Another milestone renovation was the three-year project to consolidate all of Women & Children’s Services on to one level of the hospital. Beginning in 1999, the Pediatrics Unit was moved to 2-East. Renovation followed to relocate the Post Partum unit to 2-South. In 2002, eight, new, labor-delivery-recovery (LDR) rooms and a 15-bed gynecology/urology unit were added to complete the redesign project. State-of-the-art technology and safety-and-security systems were installed to provide a higher level of security in a patient-friendly environment. When the Valdosta City Schools decided to vacate the old Sallas Mahone School property south of our Emergency department, SGMC saw a wise investment opportunity. The property was purchased from the Valdosta City Schools in 2001 and the old school buildings were demolished in 2002.

The Dasher Memorial Heart Center opened in November, 2001, after a three-year battle to win State Certificate of Need (CON) approval for the program’s implementation. Receiving the CON allowed SGMC to expand cardiology services to include interventional cardiology and open heart surgical services. Funded in part by a $1.5 million SGMC Foundation capital campaign, the heart center offers invasive and non-invasive diagnostic procedures, balloon angioplasty and stent placements, cardiac catheterizations, and open heart surgeries including valve replacements and bypass operations. Specialized patient care is provided on 3-south, SGMC’s dedicated cardiac floor, which provides an 8-bed cardiac intensive care unit and a 19-bed cardiac step-down unit. In April, 2002, a high-tech Chest Pain Evaluation Unit was added to our Emergency department and a second cardiac catheterization lab was opened on 3-south.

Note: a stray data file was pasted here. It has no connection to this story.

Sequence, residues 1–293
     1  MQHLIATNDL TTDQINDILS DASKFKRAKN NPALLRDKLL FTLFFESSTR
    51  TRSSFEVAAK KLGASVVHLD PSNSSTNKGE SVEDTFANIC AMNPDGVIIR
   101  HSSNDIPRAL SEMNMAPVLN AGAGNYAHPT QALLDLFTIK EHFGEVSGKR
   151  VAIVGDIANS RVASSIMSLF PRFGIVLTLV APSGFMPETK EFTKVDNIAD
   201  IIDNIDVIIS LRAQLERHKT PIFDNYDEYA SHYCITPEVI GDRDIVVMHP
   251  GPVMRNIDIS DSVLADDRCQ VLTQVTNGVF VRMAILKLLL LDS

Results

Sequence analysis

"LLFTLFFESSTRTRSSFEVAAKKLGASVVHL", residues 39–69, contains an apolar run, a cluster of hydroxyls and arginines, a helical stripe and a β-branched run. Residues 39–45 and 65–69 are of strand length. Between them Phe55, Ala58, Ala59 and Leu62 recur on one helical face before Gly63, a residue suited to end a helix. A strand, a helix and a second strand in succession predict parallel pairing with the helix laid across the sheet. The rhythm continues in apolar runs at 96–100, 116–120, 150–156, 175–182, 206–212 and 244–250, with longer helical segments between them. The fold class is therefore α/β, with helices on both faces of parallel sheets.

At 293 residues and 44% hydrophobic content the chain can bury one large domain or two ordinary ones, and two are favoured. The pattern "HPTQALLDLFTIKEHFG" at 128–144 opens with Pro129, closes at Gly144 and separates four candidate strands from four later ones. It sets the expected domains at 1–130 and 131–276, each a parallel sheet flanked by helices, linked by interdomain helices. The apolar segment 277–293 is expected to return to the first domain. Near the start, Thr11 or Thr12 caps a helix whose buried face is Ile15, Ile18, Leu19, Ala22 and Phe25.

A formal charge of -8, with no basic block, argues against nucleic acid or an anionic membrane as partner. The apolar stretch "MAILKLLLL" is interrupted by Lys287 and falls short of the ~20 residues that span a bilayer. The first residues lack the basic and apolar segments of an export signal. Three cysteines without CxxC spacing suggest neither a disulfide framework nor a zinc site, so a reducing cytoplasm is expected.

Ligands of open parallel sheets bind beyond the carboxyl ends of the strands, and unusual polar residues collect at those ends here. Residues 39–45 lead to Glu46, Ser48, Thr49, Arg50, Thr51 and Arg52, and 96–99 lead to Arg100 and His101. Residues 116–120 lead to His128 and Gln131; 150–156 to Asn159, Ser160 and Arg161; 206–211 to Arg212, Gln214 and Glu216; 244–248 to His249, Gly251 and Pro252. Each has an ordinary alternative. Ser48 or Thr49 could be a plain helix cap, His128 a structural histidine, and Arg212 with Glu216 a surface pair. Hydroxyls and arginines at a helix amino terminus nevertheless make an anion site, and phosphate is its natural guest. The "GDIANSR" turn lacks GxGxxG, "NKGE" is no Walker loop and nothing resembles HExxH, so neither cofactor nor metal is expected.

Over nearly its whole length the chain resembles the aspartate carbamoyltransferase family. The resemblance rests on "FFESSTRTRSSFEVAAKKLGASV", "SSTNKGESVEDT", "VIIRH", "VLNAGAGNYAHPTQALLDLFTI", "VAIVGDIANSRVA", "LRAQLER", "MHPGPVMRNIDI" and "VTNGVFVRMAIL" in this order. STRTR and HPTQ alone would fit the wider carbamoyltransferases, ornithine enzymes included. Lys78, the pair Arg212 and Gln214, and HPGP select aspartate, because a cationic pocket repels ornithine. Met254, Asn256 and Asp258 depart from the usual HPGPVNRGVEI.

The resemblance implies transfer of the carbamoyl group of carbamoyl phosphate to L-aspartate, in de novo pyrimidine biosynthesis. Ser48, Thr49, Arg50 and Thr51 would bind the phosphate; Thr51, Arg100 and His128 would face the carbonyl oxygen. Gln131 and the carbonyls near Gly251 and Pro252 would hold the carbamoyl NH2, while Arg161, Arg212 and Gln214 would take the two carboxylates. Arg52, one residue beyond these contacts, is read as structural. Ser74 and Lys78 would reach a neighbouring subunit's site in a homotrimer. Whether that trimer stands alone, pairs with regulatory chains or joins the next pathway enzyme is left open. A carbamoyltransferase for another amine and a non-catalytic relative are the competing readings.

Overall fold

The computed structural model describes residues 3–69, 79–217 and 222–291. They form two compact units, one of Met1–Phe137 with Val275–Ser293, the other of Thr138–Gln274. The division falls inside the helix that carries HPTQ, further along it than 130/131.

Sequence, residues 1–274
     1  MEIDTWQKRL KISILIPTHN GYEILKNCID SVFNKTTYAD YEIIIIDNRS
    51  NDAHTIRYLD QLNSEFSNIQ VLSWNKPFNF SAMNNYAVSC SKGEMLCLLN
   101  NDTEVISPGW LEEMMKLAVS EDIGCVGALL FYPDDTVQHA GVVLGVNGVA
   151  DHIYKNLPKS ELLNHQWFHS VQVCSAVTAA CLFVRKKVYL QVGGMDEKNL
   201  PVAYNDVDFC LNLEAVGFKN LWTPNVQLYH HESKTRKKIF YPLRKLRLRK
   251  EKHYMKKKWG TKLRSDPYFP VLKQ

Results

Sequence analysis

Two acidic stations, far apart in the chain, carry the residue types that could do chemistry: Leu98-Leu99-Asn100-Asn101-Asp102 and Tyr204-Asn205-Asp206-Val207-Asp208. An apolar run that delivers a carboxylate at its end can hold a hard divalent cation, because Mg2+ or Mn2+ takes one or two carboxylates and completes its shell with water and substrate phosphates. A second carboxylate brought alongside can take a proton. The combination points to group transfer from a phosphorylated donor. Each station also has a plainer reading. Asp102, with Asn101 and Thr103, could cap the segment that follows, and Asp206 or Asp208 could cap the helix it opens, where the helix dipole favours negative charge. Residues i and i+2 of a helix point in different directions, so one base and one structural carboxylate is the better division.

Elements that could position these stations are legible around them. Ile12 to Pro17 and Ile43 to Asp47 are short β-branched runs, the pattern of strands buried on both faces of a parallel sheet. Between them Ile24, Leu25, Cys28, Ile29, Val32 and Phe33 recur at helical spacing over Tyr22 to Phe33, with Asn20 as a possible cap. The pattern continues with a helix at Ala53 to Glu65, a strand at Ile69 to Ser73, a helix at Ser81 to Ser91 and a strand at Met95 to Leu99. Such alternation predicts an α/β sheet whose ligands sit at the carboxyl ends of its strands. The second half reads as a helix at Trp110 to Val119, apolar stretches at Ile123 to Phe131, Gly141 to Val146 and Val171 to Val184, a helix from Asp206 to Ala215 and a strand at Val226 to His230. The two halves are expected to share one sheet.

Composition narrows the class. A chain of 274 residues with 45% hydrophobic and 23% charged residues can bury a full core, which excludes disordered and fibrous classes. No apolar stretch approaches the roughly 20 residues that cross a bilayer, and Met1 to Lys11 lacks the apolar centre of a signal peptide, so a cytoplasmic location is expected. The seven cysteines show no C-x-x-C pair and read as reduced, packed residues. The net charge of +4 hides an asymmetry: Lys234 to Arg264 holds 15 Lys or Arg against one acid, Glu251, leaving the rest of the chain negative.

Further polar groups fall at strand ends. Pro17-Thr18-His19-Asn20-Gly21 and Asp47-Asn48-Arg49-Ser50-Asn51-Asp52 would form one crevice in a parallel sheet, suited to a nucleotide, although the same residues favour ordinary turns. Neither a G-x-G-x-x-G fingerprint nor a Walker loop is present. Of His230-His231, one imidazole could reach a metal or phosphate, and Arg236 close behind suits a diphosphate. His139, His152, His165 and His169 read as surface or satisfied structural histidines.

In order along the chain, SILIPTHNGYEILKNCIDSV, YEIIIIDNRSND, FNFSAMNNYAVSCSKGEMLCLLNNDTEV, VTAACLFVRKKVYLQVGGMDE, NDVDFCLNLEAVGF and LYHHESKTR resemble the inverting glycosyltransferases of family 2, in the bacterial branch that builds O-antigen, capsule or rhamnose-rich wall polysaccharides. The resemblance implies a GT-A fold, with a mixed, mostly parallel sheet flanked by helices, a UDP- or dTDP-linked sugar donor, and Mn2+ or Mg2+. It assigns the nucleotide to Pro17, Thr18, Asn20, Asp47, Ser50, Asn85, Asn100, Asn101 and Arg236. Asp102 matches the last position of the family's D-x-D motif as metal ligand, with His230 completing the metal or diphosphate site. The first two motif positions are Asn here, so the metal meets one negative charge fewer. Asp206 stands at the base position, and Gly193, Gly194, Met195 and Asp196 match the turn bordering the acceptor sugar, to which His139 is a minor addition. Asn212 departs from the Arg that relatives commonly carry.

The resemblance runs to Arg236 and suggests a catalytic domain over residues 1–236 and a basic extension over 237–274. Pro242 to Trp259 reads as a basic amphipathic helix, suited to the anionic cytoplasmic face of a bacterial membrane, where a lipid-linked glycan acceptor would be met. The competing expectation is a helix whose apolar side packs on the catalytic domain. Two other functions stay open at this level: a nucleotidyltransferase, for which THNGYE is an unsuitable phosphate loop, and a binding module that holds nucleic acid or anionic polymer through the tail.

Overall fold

Also in 2002, Patient Care Services asked that 5-east, which was closed when Greenleaf was purchased, be turned into an Intermediate Care Unit (IMCU) for patients requiring a higher degree of skilled nursing care, but not the 2-to-1 nursing ration found in intensive care. Renovations were quickly completed and the IMCU became operational in 2003.

In August, 2003 SGMC began the completion of the shell space that was formed when Labor & Delivery was expanded in 2002. A new administrative suite and a larger, nicer food court called the Allspice Cafe were built. The Dasher Memorial Heart Center also opened two all-digital cardiac catheterization labs to better meet the needs of individuals receiving diagnostic caths, angioplasty and stents.